I started out on my re-read of Cetaganda for the series discussion, and am also about to start on Dawnthief by James Barclay, because I have a review of book 2 in that series due soon.


Jim (JimMacLachlan) I got Imager The First Book of the Imager Portfolio today! I'm a fan of L.E. Modesitt Jr. & have all his books, I think. I'd fallen behind this year.

Thanks, Jon!


Jon (jonmoss) | 623 comments Jim wrote: "Thanks, Jon!"

You're very welcome. :)


message 31: by Stefan, Group Founder + Moderator (Retired) (new)

Stefan (sraets) | 1666 comments Mod
I finished my re-read of Cetaganda, which was just as much fun as the first time around. Now I'm about 100 pages into Dawnthief by James Barclay, which is so far decent but nothing special.


Sandi (Sandikal) | 334 comments I'm really struggling with The Children of the Company. It's nowhere near as entertaining as the other 5 novels I've read in the series.


message 33: by Stefan, Group Founder + Moderator (Retired) (new)

Stefan (sraets) | 1666 comments Mod
I remember that one --- it's the one that gives the perspective of the "other side", right? Labienus etc? I remember not liking it as much either. Still a brilliant series, I think.


Anomander | 32 comments Just finished the Twilight War trilogy starting with Shadowbred by Paul S. Kemp, a decent light fantasy Forgotten realms series.

Also read Dragon Keeper by Robin Hobb (start of a trilogy?). Not much happens considering the length of the book.


Sandi (Sandikal) | 334 comments Stefan wrote: "I remember that one --- it's the one that gives the perspective of the "other side", right? Labienus etc? I remember not liking it as much either. Still a brilliant series, I think."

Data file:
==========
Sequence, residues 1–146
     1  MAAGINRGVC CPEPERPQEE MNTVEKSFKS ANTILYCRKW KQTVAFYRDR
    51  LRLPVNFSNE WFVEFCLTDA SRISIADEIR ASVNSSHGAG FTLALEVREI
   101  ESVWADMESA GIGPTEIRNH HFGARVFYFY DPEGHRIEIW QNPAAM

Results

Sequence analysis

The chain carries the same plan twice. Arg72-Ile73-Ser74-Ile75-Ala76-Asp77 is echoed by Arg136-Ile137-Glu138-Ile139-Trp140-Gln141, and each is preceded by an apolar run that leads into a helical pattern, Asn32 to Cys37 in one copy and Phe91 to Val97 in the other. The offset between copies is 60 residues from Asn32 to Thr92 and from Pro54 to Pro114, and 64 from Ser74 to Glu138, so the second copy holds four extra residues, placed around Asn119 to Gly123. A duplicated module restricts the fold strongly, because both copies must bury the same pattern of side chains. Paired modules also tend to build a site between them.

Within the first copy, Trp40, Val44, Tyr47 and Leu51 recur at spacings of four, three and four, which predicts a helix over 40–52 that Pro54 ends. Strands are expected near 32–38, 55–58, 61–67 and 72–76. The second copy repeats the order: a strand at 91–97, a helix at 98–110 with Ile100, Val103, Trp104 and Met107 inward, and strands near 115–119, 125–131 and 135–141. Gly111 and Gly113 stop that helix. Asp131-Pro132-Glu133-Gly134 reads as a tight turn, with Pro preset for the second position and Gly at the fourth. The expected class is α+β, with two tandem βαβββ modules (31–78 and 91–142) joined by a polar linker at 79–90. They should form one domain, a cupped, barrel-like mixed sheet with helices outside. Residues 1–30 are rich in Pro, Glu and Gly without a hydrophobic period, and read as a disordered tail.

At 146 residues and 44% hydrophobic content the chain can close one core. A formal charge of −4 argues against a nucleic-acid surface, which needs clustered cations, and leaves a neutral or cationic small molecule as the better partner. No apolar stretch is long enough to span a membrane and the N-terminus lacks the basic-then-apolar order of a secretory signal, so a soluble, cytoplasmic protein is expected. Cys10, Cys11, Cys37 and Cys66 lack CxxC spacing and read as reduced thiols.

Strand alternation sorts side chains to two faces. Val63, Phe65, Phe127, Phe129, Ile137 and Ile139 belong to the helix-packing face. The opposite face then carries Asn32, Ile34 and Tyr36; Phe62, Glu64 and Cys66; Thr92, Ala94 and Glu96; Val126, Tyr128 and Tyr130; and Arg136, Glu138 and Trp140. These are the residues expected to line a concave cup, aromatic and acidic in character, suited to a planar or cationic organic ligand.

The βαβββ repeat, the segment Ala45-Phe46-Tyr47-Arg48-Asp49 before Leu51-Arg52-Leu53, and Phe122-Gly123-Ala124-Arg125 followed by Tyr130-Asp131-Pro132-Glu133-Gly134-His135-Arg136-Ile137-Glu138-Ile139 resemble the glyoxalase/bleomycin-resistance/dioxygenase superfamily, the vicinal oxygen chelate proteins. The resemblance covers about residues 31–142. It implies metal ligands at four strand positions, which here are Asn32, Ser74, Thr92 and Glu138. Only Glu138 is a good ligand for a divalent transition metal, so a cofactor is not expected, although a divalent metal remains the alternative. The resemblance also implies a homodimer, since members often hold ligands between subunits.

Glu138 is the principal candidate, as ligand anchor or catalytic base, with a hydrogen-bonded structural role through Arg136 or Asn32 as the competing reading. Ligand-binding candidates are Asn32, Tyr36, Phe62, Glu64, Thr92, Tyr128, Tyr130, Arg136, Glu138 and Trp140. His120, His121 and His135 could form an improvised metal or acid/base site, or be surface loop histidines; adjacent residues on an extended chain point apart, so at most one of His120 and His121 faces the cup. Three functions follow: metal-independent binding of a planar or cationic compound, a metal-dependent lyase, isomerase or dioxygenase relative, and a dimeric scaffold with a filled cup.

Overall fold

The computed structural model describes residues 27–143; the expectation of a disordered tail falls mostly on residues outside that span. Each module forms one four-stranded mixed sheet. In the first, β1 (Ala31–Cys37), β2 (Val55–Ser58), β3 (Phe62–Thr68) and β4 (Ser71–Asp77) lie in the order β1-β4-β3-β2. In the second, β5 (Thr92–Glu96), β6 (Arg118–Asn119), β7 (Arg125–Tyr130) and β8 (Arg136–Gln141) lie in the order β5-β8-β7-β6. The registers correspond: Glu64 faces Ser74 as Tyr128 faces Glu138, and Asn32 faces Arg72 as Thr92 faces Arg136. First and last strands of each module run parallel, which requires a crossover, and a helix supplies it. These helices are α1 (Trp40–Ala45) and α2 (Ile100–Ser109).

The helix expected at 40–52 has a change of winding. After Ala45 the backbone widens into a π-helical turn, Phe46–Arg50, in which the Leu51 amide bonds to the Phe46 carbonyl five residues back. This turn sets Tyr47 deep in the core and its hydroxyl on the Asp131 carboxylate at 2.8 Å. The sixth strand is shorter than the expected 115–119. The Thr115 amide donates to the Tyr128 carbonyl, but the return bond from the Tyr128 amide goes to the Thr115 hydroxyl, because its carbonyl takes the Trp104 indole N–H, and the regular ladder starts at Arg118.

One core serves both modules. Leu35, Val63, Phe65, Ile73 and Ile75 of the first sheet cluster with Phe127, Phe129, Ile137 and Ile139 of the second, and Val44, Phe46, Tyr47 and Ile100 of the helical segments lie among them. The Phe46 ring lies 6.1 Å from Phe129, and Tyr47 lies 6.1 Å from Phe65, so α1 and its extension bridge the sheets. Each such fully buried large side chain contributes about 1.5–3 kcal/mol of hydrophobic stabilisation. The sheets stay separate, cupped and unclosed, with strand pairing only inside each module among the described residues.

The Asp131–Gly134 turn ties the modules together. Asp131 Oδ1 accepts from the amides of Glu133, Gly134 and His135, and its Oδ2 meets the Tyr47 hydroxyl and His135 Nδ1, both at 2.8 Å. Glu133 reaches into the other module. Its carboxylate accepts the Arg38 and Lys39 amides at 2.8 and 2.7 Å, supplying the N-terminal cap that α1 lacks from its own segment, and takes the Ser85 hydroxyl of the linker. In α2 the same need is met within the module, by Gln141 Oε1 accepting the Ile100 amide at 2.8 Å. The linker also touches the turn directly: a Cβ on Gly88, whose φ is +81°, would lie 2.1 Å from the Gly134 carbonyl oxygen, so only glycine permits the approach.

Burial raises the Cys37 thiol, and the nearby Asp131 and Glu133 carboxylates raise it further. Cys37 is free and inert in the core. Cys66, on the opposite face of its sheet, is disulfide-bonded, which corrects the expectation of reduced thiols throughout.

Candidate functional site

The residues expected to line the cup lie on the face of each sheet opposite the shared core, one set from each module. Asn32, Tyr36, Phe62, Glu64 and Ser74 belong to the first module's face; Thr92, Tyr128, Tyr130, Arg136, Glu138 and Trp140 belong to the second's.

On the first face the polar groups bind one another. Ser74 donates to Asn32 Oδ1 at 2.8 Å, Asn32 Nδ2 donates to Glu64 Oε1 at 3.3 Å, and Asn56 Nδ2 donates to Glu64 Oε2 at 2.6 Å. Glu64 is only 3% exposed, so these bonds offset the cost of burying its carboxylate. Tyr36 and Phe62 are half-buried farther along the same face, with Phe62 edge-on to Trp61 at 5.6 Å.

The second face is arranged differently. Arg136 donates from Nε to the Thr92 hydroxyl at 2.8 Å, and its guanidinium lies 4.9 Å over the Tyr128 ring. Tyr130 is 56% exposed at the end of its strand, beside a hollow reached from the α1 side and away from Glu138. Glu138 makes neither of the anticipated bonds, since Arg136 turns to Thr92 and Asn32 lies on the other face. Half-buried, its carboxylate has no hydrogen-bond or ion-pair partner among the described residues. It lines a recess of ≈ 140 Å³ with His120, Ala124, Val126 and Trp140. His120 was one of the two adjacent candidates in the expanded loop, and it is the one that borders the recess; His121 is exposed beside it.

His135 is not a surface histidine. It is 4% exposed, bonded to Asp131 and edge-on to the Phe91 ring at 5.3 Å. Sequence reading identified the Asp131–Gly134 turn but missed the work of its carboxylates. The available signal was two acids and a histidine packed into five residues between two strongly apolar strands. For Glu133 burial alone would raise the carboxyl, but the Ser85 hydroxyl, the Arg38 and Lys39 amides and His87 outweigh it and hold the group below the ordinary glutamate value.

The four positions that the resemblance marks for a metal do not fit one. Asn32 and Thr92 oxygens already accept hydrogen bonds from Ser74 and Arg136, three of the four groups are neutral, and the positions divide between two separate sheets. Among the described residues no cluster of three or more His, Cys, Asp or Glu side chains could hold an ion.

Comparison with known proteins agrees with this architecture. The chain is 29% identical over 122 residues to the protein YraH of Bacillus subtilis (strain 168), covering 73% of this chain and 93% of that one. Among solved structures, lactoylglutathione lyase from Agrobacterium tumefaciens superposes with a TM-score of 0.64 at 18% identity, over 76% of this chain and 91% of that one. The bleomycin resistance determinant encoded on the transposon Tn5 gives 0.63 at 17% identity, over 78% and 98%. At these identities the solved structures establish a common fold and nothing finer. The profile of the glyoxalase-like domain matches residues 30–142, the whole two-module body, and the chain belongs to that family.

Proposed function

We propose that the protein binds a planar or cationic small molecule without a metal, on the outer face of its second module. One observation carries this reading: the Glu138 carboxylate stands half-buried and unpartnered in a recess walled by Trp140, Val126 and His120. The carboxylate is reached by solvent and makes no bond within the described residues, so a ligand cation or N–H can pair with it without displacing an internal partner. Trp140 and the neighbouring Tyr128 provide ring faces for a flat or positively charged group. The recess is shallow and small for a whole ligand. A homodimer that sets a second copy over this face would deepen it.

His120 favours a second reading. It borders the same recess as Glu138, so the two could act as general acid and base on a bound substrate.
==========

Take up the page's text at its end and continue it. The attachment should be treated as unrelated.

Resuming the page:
That's the one. I realized when I looked at the copyright information that it's a bunch of short stories pieced together into a novel. It reminds me of one of those sitcom flash-back episodes. I'm at the San Francisco earthquake section that's narrated by Victor. That and the part with Lewis and the Irish monks are the best segments. I think I might have liked it better if it was just a short story collection.



Kerry (rocalisa) | 450 comments Sandi, I agree Children of the Company would have been better as short stories.


Lareads | 16 comments I'm reading Warbreaker by Brandon Sanderson. I just finished The Way of Shadows and Shadow's Edge by Brent Weeks and I am ordering the third one. Loved them!


message 38: by Stefan, Group Founder + Moderator (Retired) (new)

Stefan (sraets) | 1666 comments Mod
The Company series was, for a long time, lost between publishers. I have the original editions - first Avon, then one book with Harcour, then a short story collection with Golden Gryphon, and then finally Tor picked it up and reissued all the older, out of print books. While Kage was between publishers, most of the new material came out as short stories here and there, and some of those were later combined as the later volumes of the series. So that's why some of those books feel a bit disjointed (although I think she did a good job keeping the general narrative arc moving).